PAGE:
Christopher R. Knittel is the George P. Shultz Professor of Applied Economics at the Sloan School of Management, Director of the Center for Energy and Environmental Policy Research, and Co-Director of the MITEI Low-Carbon Energy Center for Electric Power Systems Research at the Massachusetts Institute of Technology, USA. Professor Knittel received his MA in Economics from University of California at Davis and a PhD in Economics from University of California at Berkeley. His research focuses on environmental economics, industrial organisation, and applied econometrics.
Karsten Neuhoff leads the Climate Policy Department at the German Institute for Economic Research (DIW Berlin) and is Professor at the TU Berlin. He holds a PhD in Economics from Cambridge University, UK. His research focuses on how policies and markets can be designed to achieve carbon neutrality in the power, industry and building sector. He (co-) authored dozens of research articles, policy briefs and, inter alia, the book Planetary Economics: Energy, Climate Change and the three domains of sustainable development.
Karen Palmer is a Senior Fellow and Director of the Electric Power Program at Resources for the Future, Washington, DC, US. Dr Palmer specializes in the economics of environmental regulation and public utility regulation, particularly on issues at the intersection of climate policy and electricity. In the 1990s, Dr Palmer was a visiting economist in the Office of Economic Policy at the Federal Energy Regulatory Commission. She was elected as a Fellow of the Association of Environmental and Resource Economics in 2018.
Ignacio J. Pérez-Arriaga holds a MS and PhD in Electrical Engineering at MIT, USA, and an electrical engineering degree at Comillas University, Spain. He is MIT visiting professor since 2008, professor at the Institute for Research in Technology (IIT, Comillas) since 1981, and training director at the Florence School of Regulation, Italy since 2004. Former commissioner in Spain and Ireland and former member of the Board of Appeal of the Agency for the Cooperation of Energy Regulators (ACER), he is a life member of the Spanish Engineering Royal Academy and an Institute of Electrical and Electronics Engineers Fellow. He has been advisor to institutions and governments in about 40 countries. He currently works on planning and design of business models and regulatory frameworks for electrification in developing countries.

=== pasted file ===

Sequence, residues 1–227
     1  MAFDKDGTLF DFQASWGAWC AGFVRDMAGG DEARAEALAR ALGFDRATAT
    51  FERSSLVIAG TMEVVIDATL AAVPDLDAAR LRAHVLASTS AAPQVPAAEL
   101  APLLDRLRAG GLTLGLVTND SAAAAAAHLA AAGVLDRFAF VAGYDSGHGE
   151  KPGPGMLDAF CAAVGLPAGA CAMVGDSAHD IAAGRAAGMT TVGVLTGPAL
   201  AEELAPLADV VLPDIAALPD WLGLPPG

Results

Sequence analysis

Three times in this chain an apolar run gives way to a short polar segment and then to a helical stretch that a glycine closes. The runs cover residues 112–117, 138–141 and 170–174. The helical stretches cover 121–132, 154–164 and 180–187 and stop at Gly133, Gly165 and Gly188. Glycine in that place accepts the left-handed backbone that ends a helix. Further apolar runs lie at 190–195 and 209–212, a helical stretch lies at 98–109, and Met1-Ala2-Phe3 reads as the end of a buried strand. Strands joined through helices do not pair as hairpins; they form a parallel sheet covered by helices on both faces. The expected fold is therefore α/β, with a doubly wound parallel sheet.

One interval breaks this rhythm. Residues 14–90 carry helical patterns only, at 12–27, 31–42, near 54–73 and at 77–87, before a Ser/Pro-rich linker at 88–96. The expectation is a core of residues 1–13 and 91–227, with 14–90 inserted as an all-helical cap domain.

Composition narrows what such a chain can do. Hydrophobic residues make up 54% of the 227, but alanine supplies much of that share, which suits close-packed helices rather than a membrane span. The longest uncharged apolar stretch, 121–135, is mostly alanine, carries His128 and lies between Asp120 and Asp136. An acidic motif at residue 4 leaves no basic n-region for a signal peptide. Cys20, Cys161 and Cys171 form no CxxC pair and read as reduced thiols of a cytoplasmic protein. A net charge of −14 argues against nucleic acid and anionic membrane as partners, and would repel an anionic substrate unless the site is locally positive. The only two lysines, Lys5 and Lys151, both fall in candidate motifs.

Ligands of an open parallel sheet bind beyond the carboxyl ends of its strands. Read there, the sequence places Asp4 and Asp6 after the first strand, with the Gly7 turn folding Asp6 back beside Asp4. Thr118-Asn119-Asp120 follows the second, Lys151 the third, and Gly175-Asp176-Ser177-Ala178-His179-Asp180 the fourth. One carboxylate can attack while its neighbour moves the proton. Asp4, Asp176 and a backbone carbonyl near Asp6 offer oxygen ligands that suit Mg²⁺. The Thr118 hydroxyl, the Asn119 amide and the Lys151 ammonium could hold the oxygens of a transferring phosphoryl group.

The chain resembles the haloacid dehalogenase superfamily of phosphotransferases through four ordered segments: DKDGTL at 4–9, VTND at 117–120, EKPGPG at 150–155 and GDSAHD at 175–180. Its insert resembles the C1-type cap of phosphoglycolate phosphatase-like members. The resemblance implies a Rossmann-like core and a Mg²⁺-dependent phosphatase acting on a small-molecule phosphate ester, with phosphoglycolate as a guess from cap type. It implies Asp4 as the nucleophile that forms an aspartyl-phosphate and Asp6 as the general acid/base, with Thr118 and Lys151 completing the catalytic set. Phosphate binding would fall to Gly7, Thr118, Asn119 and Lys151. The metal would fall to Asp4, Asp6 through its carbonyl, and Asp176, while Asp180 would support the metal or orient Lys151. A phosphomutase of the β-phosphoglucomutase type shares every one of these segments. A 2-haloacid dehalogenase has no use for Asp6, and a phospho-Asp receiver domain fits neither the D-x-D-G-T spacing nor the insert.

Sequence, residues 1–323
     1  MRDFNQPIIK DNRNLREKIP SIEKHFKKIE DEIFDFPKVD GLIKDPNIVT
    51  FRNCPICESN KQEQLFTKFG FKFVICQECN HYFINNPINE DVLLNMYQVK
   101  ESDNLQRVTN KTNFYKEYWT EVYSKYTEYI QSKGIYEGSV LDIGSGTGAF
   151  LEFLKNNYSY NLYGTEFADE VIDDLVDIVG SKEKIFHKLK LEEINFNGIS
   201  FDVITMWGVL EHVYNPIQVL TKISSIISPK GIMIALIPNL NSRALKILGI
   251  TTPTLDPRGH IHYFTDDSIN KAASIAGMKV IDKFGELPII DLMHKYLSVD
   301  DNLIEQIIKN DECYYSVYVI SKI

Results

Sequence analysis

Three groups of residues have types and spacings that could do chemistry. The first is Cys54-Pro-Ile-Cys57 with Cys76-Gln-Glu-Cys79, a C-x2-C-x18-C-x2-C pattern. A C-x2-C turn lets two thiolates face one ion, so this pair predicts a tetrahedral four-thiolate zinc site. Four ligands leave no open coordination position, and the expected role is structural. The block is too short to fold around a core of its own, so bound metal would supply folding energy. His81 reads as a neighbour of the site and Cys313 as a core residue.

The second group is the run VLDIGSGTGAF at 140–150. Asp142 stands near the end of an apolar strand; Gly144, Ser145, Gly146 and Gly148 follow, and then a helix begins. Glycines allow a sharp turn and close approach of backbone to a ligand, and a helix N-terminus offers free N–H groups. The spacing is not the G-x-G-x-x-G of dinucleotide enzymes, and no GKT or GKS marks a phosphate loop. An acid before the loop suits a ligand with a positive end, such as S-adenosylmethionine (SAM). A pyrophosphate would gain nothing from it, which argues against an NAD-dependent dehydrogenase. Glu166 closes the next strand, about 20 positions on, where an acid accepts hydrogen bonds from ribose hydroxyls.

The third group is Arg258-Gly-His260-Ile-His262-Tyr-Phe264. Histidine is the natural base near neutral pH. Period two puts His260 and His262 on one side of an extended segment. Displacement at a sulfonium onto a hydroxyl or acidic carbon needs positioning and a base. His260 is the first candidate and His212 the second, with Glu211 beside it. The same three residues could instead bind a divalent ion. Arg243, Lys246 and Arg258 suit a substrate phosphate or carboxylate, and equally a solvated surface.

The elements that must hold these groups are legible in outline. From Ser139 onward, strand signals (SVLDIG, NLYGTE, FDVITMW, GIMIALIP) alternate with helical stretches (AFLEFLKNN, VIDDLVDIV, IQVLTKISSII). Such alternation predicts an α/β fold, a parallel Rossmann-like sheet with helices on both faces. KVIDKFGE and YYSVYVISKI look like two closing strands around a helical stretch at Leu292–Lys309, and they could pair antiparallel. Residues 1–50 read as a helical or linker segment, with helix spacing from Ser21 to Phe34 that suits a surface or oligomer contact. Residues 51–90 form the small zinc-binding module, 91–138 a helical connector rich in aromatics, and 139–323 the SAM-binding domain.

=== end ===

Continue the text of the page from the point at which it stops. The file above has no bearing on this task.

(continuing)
David M. Reiner is Associate Professor in Technology Policy at Judge Business School, University of Cambridge and Assistant Director of the Energy Policy Research Group (EPRG) at Cambridge, UK. His research focuses on energy and climate change politics, policy, economics, regulation and public attitudes, with a focus on social license to operate for energy technologies. He is currently leading projects on reducing emissions from energy-intensive industries, decarbonising the heat and electricity sectors and on greenhouse gas removal technologies. He serves in various advisory roles including on three Advisory Group for the UK Industrial Decarbonisation Challenge and on the CCUS Council (BEIS) chaired by the UK Energy Minister.
Fereidoon Sioshansi is President of Menlo Energy Economics, a consulting firm based in San Francisco, California, advising clients on the transformation of the energy sector. He is the editor and publisher of EEnergy Informer, a monthly newsletter. His professional experience includes working at Southern California Edison Co. (SCE), Electric Power Research Institute (EPRI), NERA, and Global Energy Decisions. He has edited 13 books, including Variable generation, flexible demand in 2020.
Xu Yi-chong is Fellow of the Academy of the Social Sciences of Australia and Professor of Government and International Relations, School of Government and International Relations, Griffith University. She is author of several books like Powering China; Electricity Reform in China, India and Russia; The Politics of Nuclear Energy in China; and Sinews of Power: The Politics of the State Grid Corporation of China.